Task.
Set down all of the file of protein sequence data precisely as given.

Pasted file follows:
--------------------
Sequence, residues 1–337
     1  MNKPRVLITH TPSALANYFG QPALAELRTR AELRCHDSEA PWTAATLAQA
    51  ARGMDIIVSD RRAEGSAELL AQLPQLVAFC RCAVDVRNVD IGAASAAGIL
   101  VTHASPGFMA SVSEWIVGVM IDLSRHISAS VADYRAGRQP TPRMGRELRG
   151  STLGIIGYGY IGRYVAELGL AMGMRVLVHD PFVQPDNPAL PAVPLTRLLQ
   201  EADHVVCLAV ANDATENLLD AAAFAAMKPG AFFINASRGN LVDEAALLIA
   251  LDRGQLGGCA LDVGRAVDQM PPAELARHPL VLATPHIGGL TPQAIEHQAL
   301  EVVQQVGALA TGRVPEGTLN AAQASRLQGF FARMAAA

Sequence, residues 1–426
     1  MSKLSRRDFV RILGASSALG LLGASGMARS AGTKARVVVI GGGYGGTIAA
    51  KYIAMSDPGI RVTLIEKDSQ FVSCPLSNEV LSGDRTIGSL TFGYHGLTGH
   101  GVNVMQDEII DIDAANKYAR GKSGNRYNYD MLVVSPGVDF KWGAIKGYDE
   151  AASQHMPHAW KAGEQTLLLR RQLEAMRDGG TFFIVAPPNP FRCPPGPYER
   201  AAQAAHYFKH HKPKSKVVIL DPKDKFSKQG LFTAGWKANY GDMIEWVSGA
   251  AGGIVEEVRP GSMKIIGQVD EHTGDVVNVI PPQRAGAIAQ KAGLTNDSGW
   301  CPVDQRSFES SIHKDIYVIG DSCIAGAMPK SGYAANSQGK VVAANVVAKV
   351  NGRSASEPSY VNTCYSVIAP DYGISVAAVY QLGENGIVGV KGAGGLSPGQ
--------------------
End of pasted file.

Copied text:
Sequence, residues 1–337
     1  MNKPRVLITH TPSALANYFG QPALAELRTR AELRCHDSEA PWTAATLAQA
    51  ARGMDIIVSD RRAEGSAELL AQLPQLVAFC RCAVDVRNVD IGAASAAGIL
   101  VTHASPGFMA SVSEWIVGVM IDLSRHISAS VADYRAGRQP TPRMGRELRG
   151  STLGIIGYGY IGRYVAELGL AMGMRVLVHD PFVQPDNPAL PAVPLTRLLQ
   201  EADHVVCLAV ANDATENLLD AAAFAAMKPG AFFINASRGN LVDEAALLIA
   251  LDRGQLGGCA LDVGRAVDQM PPAELARHPL VLATPHIGGL TPQAIEHQAL
   301  EVVQQVGALA TGRVPEGTLN AAQASRLQGF FARMAAA

Sequence, residues 1–426
     1  MSKLSRRDFV RILGASSALG LLGASGMARS AGTKARVVVI GGGYGGTIAA
    51  KYIAMSDPGI RVTLIEKDSQ FVSCPLSNEV LSGDRTIGSL TFGYHGLTGH
   101  GVNVMQDEII DIDAANKYAR GKSGNRYNYD MLVVSPGVDF KWGAIKGYDE
   151  AASQHMPHAW KAGEQTLLLR RQLEAMRDGG TFFIVAPPNP FRCPPGPYER
   201  AAQAAHYFKH HKPKSKVVIL DPKDKFSKQG LFTAGWKANY GDMIEWVSGA
   251  AGGIVEEVRP GSMKIIGQVD EHTGDVVNVI PPQRAGAIAQ KAGLTNDSGW
   301  CPVDQRSFES SIHKDIYVIG DSCIAGAMPK SGYAANSQGK VVAANVVAKV
   351  NGRSASEPSY VNTCYSVIAP DYGISVAAVY QLGENGIVGV KGAGGLSPGQ